Our daughter, Eva, just turned one, and by far the hardest challenge this past year for my husband and me was simply trusting ourselves in this whole process.
I'm a perfectionist by nature, and in motherhood, you will not receive praise or recognition from your tiny little baby, and it's hard to know if you're "doing it right" all the time. Going in, my husband, Jon, and I went to every class, read every book, and then our daughter decided to be born five weeks early and our whole world was flipped upside down.
Because Eva arrived so soon, the biggest obstacle at the beginning was feeding. When I started breastfeeding her, I heard the word "preemie" being whispered around a lot. We were fortunate enough to take her home right away, so I didn't fully process that she was, in fact, still premature, and therefore her feeding was a bit more challenging than I expected.
Breastfeeding, like everything else that comes along with parenting, is a very personal experience between a mother and her baby. I had made the conscious decision to breastfeed going in, so it was important to me, and I had high hopes for the outcome. Unfortunately, Eva had other ideas.
Like so many mothers before me, I tried everything from every position there was to a lactation consultant to pumping, etc. After six weeks of trying and my teeny tiny baby barely gaining weight, I looked at Jon with tears in my eyes and declared, "we are going back to the doctor." Eva was immediately put on high-calorie formula as a supplement and started thriving. I weaned her off completely around three months and never looked back, though at the time it seemed like the most crucial decision of my life.
Formula ended up being the best thing to happen to us, because as soon as she started to gain the weight, my confidence grew by the day as well. While breastfeeding is a sometimes heated topic, healthy and happy babies are not, and having mine in tow proved to be worth trusting my instincts and swallowing my pride.
Eva's eating challenges returned in a whole other way at around six months when we started on solids. I had bought all the gear, stocked up on all the basics, and was ready to go! I was going to purée my own foods and had dreams of Eva eating yogurt and peas in her highchair while I snapped a cute pic (and, of course, uploaded it to Facebook.) I did get the cute photo, but not much else that I had concocted in my head.
Eva hated the spoon, hated the packets, hated every purée I tried making for her. I wasted so much money on avocados in the spring that I could've gotten a new pair of boots in the fall. "Keep trying," my friends would all tell me, "It takes a bit of time."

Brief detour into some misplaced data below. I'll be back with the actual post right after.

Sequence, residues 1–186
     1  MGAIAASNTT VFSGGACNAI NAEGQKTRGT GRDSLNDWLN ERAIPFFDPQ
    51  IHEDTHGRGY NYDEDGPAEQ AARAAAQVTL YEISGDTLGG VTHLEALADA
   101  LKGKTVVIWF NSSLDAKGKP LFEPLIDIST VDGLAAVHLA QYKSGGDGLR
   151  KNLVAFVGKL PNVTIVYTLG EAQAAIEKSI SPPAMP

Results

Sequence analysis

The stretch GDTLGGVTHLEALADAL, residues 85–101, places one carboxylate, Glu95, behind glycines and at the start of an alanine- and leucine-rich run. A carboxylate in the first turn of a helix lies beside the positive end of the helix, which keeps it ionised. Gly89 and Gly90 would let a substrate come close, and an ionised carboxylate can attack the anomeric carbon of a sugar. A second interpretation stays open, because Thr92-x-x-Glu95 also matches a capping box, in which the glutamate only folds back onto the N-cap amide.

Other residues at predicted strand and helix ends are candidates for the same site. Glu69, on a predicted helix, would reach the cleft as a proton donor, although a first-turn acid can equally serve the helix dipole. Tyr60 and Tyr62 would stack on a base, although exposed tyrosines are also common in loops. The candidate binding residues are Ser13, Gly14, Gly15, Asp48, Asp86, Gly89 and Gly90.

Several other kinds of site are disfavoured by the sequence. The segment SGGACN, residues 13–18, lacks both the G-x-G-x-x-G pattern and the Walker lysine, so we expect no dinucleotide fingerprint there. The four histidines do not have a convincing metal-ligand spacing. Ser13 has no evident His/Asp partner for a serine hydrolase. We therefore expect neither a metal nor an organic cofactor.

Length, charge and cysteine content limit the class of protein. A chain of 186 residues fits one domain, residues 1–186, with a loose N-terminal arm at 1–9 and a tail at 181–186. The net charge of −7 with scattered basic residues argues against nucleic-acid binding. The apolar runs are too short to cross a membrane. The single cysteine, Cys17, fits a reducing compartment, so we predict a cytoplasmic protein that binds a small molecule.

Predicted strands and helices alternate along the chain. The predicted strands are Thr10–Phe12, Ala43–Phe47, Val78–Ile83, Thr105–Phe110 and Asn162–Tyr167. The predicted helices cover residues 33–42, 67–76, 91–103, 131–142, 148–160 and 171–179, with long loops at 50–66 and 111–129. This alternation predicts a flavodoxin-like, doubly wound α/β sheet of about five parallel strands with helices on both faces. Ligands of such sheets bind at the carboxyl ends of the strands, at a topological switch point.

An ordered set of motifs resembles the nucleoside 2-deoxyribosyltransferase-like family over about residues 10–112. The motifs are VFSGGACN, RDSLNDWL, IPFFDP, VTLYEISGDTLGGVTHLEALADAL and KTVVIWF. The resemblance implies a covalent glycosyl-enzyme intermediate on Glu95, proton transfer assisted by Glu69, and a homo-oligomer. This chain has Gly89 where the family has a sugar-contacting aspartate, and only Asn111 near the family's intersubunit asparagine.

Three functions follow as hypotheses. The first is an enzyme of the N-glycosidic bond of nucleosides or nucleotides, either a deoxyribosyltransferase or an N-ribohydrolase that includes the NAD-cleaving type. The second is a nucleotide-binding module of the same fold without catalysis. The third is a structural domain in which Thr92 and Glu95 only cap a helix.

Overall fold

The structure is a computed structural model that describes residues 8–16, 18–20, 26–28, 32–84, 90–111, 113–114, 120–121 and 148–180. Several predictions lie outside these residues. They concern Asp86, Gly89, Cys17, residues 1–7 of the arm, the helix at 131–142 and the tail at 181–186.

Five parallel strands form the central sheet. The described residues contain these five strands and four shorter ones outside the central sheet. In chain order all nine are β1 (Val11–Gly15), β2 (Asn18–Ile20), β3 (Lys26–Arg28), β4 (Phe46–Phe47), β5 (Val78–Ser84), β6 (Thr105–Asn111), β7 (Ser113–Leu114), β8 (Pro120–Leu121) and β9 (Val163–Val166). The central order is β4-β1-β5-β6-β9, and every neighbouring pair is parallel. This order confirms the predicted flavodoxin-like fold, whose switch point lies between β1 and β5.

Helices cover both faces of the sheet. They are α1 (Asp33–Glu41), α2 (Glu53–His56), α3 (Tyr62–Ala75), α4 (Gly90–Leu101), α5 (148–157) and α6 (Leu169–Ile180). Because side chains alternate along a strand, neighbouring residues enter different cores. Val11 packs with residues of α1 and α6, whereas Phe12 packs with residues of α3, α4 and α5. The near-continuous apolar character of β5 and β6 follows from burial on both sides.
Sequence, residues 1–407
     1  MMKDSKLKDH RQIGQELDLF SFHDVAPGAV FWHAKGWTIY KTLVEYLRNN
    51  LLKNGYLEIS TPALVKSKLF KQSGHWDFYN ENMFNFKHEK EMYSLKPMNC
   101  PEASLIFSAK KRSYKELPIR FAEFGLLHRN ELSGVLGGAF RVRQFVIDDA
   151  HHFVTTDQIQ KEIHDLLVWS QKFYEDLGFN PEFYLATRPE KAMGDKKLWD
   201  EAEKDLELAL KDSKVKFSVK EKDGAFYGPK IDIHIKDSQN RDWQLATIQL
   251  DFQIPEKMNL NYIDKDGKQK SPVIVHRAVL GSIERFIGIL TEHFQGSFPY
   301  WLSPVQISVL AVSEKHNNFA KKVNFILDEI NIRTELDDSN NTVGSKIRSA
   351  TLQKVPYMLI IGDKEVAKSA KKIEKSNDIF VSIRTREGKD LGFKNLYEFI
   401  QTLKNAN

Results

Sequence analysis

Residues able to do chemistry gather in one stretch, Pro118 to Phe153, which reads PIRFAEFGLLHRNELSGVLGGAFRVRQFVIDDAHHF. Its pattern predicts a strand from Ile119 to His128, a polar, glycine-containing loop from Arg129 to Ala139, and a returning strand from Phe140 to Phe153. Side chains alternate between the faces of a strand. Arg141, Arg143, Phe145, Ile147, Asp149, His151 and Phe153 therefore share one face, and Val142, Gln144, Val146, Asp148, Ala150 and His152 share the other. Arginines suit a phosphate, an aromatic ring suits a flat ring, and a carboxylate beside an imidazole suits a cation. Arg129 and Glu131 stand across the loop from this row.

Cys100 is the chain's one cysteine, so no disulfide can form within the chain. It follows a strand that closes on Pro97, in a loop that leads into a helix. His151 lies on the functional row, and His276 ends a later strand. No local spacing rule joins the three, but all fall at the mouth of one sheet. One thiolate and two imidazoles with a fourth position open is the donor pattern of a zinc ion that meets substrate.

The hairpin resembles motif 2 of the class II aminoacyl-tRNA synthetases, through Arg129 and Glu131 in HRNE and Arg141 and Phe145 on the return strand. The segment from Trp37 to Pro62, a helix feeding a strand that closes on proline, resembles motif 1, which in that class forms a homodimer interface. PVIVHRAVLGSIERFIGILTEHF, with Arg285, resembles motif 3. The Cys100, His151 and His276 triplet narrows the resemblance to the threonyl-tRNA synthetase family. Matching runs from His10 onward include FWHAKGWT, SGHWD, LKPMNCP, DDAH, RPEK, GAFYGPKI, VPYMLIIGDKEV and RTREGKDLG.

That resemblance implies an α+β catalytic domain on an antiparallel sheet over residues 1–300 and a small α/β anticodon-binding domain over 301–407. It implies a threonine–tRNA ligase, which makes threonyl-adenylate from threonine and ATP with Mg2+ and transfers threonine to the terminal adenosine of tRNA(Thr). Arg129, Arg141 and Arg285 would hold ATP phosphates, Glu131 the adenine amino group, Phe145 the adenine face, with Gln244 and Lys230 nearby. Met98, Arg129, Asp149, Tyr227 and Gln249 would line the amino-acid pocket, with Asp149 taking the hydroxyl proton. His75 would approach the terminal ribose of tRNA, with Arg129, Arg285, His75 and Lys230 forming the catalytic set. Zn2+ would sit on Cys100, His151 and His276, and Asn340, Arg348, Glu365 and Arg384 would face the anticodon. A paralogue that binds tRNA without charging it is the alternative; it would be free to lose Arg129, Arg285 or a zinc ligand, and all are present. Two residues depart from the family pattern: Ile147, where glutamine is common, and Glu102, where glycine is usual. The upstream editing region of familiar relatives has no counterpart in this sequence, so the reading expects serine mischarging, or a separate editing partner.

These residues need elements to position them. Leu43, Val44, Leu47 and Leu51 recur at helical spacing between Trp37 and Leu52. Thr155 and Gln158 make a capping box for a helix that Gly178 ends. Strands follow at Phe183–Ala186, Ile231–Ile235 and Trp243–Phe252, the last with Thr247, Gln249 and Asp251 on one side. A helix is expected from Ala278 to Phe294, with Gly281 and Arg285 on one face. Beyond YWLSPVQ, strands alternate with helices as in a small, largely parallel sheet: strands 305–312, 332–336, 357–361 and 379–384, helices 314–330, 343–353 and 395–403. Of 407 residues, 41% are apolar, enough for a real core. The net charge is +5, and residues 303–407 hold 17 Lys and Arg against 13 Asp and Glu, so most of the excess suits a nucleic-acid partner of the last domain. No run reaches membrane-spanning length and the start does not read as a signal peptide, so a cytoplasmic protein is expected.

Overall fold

Maybe it was my impatience, my anxiety, or a little of both, but after two months of this song and dance three times a day, I took a different route. I picked up some chicken noodle soup at Whole Foods, fished out the carrots, chicken, and noodles and handed them to Eva. She picked up these pieces -- with ease I might add -- and devoured every bite. The child had completely bypassed the purées and went right into finger foods. She just liked it better. It worked for her, and in turn, it worked for me.
As a former teacher, Eva's sleep and nap schedule also became a bit of a project for me. In the beginning, I read books telling me I could get her to sleep for 12 hours through the night by 12 weeks. Guess what? Eva is a year old and still doesn't sleep 12 hours through -- ever. While I do have her on a schedule now, it took a very long time to get to where we are --one year to be exact -- and while some tricks work better than others, I believe some kids simply sleep better than others. Eva is a "B-" sleeper at best, and while it took me a while to accept that, I am now very proud of my "B-" sleeper. To think how much sleep my husband and I would have gained had we stopped worrying about her sleep so much at the beginning.
As much advice as we got from friends and family, the truth is that the most encouragement came from within. When I learned to stop beating myself up and acknowledge all the good we were doing, I was able to really start enjoying it. We learned to believe in our own instincts, develop our own flow, and through it all, had strength in knowing we were making the best decisions for our own little family.
I'm a strong believer in the concept of beshert -- that some things are meant to be. I found my beshert in my husband, and holding on to this concept helped me through this past year. Because at the end of the day, it isn't about putting your baby on the perfect nap schedule, how long you breastfeed for, when they start rolling over, or if they walk early or not.
If I could go back a year ago and tell myself anything, it would be that she will get there, in her own time, in her own way. No matter when the milestones come, big or small, the real treasure is getting to watch your child grow right in front of your eyes. So instead of having a picture in my mind of how it should be or how it should go, I now remind myself to trust that it will be and it will go, with hiccups along the way. And mama, try to breathe, relax, and have a glass of wine (you too, dad).
Rori Soffer is a special education teacher turned stay-at-home mom who lives in Deerfield with her husband, Jon, and daughter, Eva. She enjoys tap-dancing, musicals, and spending time with family.
Read more stories in the "Bringing Up (Jewish) Baby" blog series at www.oychicago.com/baby.
"Bringing Up (Jewish) Baby" is being produced in partnership with jBaby Chicago, which helps expectant parents and families of newborns and tots (0-24 months) make connection, build friendships and engage in Jewish life in Chicago.